Improving impedance of implantable microwire multi-electrode arrays by ultrasonic electroplating of durable platinum black.

Desai SA, Rolston JD, Guo L, Potter SM - Front Neuroeng (2010)

Thermal noise and EMI together contribute less than 10% of the total noise in an in vivo recording (A) A 17 min recording from a rat on an unplated electrode showing the cessation of neural activity after an injection of euthasol. (B) (L–R) recording on an unplated, sonicoplated, pulsed plated and DC plated electrode in a euthanized rat. Mean RMS noise levels on the three types of plated and unplated electrodes are shown below the respective plots. No significant difference (0.3 < p < 0.6) is seen in the noise levels on the three types of plated and unplated electrodes.
© Copyright Policy - open-access
Related In: Results  -  Collection

License
Show All Figures
getmorefigures.php?uid=PMC2871717&req=5

Figure 9: Thermal noise and EMI together contribute less than 10% of the total noise in an in vivo recording (A) A 17 min recording from a rat on an unplated electrode showing the cessation of neural activity after an injection of euthasol. (B) (L–R) recording on an unplated, sonicoplated, pulsed plated and DC plated electrode in a euthanized rat. Mean RMS noise levels on the three types of plated and unplated electrodes are shown below the respective plots. No significant difference (0.3 < p < 0.6) is seen in the noise levels on the three types of plated and unplated electrodes.
Mentions: A continuous recording was made before and after a lethal dose of euthasol. Figure 9A shows brain activity ceasing ∼13 min post injection. At this time, the total noise recorded on the same unplated electrode had an RMS amplitude of about 9 μV. Because brain activity ceases within 13 min after circulation ceases, it can be safely assumed that most of the 9 μV noise observed is thermal noise and noise due to electromagnetic interference (EMI).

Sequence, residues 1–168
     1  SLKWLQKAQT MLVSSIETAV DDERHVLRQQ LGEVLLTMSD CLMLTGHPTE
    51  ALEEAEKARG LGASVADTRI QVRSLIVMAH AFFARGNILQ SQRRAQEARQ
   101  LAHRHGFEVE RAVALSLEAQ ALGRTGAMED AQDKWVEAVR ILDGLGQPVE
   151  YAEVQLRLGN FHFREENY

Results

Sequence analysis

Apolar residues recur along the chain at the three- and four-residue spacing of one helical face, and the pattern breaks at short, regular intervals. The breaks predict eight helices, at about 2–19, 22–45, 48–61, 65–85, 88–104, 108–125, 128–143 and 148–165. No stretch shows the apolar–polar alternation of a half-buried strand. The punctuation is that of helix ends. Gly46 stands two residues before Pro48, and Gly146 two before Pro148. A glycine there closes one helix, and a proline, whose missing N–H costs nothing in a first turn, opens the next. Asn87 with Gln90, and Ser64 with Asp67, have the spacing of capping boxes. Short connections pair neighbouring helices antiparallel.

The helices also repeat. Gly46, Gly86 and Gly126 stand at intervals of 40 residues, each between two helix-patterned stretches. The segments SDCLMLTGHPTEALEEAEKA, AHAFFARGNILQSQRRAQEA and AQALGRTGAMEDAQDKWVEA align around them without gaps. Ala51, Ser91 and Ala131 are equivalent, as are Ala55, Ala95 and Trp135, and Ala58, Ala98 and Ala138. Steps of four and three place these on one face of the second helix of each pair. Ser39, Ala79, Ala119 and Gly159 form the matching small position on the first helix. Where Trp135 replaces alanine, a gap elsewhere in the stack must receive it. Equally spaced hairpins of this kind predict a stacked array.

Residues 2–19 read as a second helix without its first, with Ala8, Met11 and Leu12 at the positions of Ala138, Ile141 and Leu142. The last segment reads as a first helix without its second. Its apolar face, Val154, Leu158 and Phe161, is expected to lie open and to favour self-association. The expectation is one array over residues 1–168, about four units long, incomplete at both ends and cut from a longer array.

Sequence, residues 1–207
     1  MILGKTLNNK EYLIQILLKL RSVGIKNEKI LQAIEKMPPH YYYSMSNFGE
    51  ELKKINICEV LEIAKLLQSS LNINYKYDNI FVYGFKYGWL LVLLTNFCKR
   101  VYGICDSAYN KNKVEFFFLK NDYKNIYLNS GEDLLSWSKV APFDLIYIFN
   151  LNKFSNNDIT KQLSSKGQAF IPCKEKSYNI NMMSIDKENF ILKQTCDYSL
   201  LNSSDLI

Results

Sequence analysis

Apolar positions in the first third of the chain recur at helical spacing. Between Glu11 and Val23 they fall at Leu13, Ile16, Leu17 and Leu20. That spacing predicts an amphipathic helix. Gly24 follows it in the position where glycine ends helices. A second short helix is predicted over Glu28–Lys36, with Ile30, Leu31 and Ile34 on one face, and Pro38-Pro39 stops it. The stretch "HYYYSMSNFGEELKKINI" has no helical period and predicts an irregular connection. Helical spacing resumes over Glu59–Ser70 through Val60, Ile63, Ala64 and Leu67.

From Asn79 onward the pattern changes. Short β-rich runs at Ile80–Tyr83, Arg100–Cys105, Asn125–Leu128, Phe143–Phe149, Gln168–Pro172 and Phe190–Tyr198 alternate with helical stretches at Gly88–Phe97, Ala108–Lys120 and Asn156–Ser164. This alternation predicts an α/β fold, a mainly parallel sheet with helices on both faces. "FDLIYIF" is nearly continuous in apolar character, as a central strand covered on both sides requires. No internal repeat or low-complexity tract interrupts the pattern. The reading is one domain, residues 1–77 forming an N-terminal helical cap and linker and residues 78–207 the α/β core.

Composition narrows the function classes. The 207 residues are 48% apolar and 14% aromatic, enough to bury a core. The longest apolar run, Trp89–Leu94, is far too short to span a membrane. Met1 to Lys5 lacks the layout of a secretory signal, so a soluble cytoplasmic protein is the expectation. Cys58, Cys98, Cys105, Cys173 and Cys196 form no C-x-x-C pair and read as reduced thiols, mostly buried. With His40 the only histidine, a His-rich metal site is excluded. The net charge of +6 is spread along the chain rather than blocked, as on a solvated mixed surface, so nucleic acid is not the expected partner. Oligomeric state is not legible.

Bottom Line: However, because of the low durability of Pt black plating, this method has not been popular for chronic use.Sonicoplating (i.e. electroplating under ultrasonic agitation) has been shown to improve the durability of Pt black on the base metals of macro-electrodes used for cyclic voltammetry.We show here that sonicoplating can lower the impedances of microwire multi-electrode arrays (MMEA) by an order of magnitude or more (depending on the time and voltage of electroplating), with better durability compared to pulsed plating or traditional DC methods.

View Article: PubMed Central - PubMed

Affiliation: Laboratory for Neuroengineering, The Wallace H. Coulter Department of Biomedical Engineering, Georgia Institute of Technology Atlanta, GA, USA.

ABSTRACT
Implantable microelectrode arrays (MEAs) have been a boon for neural stimulation and recording experiments. Commercially available MEAs have high impedances, due to their low surface area and small tip diameters, which are suitable for recording single unit activity. Lowering the electrode impedance, but preserving the small diameter, would provide a number of advantages, including reduced stimulation voltages, reduced stimulation artifacts and improved signal-to-noise ratio. Impedance reductions can be achieved by electroplating the MEAs with platinum (Pt) black, which increases the surface area but has little effect on the physical extent of the electrodes. However, because of the low durability of Pt black plating, this method has not been popular for chronic use. Sonicoplating (i.e. electroplating under ultrasonic agitation) has been shown to improve the durability of Pt black on the base metals of macro-electrodes used for cyclic voltammetry. This method has not previously been characterized for MEAs used in chronic neural implants. We show here that sonicoplating can lower the impedances of microwire multi-electrode arrays (MMEA) by an order of magnitude or more (depending on the time and voltage of electroplating), with better durability compared to pulsed plating or traditional DC methods. We also show the improved stimulation and recording performance that can be achieved in an in vivo implantation study with the sonicoplated low-impedance MMEAs, compared to high-impedance unplated electrodes.

No MeSH data available.


Related in: MedlinePlus